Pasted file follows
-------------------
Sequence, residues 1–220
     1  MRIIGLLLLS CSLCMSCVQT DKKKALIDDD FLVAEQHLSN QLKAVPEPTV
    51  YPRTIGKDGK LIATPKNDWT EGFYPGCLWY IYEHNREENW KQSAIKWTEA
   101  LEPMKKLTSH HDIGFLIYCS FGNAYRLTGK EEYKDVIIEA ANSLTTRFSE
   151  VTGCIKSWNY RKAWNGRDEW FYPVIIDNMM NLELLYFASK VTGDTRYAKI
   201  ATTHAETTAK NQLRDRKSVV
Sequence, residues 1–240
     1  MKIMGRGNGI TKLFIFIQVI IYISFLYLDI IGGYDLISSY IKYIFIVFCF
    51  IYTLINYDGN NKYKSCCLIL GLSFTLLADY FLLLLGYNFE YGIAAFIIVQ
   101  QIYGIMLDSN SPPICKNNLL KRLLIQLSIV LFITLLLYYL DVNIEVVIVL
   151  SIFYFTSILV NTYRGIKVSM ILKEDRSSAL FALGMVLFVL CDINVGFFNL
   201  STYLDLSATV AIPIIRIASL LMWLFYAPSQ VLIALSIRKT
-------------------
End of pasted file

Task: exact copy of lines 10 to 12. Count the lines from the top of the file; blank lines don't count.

   101  QIYGIMLDSN SPPICKNNLL KRLLIQLSIV LFITLLLYYL DVNIEVVIVL
   151  SIFYFTSILV NTYRGIKVSM ILKEDRSSAL FALGMVLFVL CDINVGFFNL
   201  STYLDLSATV AIPIIRIASL LMWLFYAPSQ VLIALSIRKT